Catsimatidis is the owner of New York City's Red Apple supermarket chain. A self-made Greek-American who was raised in the poverty of East Harlem, Catsimatidis has been a fervent Clinton supporter as well, raising millions and co-hosting events with Denise at her townhouse. Catsimatidis and his wife Margo donated $10,000 to G&P in 1998 and are listed in the 2000 program as significant donors and as part of the benefit committee.

Coincidentally, like Marc Rich and Marvin Davis, Catsimaditis' fortune is in international oil. He bought a piffling oil refinery in Pennsylvania in the mid-'80s, around the same time Rich fled the U.S., but continued to do business here through shell companies. United Refining of Warren, Penn., is now such a player that a couple of months ago, Catsimatidis tried — albeit unsuccessfully — to buy Getty Oil.

United Refining gave at least $200,000 to the Democrats in soft-money contributions over the last two years.

It's important to note too that G&P Charitable has an affinity for Swiss money. This is perhaps because Denise Rich lived in Switzerland with her fugitive husband before coming home and divorcing him. One of the sponsors of the 2000 event was Novartis AG, the pharmaceutical company. As a quid pro quo, Novartis' CEO, Dr. Daniel Vasella, was honored by G&P on the same night as Paul McCartney, Queen Noor of Jordan and former Soviet premier Mikhail Gorbachev.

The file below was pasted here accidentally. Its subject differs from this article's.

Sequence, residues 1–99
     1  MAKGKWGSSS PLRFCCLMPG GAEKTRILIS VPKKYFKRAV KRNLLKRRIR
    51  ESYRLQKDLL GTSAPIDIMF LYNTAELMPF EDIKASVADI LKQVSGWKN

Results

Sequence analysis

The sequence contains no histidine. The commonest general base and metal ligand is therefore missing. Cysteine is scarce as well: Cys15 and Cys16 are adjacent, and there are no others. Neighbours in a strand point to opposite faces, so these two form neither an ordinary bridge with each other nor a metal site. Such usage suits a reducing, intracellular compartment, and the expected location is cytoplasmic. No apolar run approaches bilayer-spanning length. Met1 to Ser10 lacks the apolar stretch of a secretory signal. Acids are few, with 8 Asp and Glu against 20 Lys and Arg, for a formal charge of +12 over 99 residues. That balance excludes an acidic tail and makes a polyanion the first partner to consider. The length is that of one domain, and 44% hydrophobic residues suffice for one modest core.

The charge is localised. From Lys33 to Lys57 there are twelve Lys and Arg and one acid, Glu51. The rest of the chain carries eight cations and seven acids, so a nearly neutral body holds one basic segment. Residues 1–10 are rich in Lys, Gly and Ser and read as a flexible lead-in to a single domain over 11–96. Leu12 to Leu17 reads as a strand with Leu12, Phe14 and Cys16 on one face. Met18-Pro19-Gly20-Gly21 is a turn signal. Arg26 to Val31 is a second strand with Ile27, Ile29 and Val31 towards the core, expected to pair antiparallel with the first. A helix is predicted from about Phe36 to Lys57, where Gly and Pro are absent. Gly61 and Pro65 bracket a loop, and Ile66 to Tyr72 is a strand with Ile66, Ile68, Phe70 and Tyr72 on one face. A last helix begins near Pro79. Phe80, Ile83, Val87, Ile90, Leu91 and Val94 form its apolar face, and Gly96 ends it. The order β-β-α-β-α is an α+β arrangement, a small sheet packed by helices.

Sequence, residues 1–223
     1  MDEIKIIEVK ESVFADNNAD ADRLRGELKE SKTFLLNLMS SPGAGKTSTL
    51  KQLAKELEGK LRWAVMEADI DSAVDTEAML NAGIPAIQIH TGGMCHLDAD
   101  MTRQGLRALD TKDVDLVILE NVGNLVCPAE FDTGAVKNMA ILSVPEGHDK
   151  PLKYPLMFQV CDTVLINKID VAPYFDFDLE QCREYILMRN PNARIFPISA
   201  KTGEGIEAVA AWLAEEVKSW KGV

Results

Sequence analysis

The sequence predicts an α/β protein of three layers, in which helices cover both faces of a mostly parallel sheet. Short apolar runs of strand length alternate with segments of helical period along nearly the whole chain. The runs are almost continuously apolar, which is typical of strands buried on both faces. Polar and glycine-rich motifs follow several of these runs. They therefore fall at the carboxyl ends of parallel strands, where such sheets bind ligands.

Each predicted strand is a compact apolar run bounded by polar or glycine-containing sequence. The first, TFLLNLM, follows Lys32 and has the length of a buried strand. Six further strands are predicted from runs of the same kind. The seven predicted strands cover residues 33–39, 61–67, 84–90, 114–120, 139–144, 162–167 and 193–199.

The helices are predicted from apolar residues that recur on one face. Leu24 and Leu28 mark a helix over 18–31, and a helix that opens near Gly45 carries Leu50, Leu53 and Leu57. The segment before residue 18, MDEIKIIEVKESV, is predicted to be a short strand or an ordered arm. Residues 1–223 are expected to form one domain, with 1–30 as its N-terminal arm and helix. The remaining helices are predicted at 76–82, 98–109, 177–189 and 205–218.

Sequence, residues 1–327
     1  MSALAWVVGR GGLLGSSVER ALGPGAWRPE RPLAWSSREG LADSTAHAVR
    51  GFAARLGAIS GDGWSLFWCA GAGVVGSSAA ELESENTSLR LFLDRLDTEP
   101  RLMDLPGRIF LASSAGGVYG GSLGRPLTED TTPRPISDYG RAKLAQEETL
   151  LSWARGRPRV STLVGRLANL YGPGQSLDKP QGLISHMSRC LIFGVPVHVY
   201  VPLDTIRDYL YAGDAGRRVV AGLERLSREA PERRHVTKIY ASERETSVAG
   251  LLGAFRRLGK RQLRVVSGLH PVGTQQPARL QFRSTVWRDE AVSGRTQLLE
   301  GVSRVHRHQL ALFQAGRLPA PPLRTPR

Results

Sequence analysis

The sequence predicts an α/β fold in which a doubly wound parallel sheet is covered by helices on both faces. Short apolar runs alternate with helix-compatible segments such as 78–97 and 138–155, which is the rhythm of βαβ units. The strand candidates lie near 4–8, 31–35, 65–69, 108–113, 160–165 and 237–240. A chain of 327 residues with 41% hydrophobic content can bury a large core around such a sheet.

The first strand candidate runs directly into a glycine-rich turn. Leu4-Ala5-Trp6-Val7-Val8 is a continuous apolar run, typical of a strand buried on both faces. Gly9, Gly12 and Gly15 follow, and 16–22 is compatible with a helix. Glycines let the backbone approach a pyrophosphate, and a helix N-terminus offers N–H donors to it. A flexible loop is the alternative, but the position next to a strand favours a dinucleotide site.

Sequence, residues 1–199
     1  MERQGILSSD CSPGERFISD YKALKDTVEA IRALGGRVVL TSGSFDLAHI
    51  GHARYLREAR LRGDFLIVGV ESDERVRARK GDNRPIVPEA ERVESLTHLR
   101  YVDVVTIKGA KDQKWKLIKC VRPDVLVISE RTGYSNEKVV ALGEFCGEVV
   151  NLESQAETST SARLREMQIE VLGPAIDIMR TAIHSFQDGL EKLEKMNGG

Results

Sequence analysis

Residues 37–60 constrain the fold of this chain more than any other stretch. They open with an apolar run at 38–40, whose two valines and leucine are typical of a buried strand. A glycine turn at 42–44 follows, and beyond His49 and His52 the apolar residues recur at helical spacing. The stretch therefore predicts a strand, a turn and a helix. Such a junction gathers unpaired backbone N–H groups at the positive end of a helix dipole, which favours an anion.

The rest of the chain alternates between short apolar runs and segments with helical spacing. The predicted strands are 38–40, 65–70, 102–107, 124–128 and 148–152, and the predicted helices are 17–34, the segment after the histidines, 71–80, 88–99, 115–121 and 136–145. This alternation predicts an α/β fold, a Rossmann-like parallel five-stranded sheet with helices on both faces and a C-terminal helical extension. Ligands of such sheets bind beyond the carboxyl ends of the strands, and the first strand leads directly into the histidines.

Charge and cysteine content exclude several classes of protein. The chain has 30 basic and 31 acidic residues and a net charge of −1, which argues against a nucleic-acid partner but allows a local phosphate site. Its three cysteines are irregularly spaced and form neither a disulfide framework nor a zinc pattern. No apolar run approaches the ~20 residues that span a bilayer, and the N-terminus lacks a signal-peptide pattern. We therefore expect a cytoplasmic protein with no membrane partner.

According to the G&P book and other materials, the charity is excited about a new leukemia drug being test marketed by Novartis. But research shows that cancer drugs are a minimal priority at Novartis.

(And here's a little side gossip: Dr. Vasella, who is an administrator, is married to a niece of one of the founders of Sandoz, one of the two companies that merged to form Novartis.)

Another Swiss-based international company, Orbitex Investments, is a major contributor.

G&P also received substantial donations from World Telehealth, a company founded by Matt Weber, whose only previous credit was as CEO and founder of the now-defunct Global Infrastructure Corp., a trader in international commodities such as metal and oil — coincidentally Marc Rich's specialties.

Both the Swiss and the oil traders seem to be very generous people. Who knew?

Denise's Gifts Came Through Others Too 

Meantime, the U.S. Attorney's Office has not picked up on Denise's "secondary" gift-giving to the Democrats and to New York Mayor Rudy Giuliani — a story reported by on February 2. According to FEC records, Denise's son-in-law Philip Aouad, as well her daughters Ilona and Daniella, her father Emil Eisenberg, and boyfriend Niels Lauersen, all gladly gave to Democratic causes heartily over the last four years.

Giuliani — who has excoriated Clinton for pardoning Rich — accepted campaign donations from Rich's father-in-law, daughter, son-in-law, and from Denise Rich's boyfriend.

As mayor, Giuliani would have been in no position to help Marc Rich gain a pardon from President Clinton. But it seems clear that Denise Rich, her family and friends considered anyone who might be a federally elected official a potential help to them.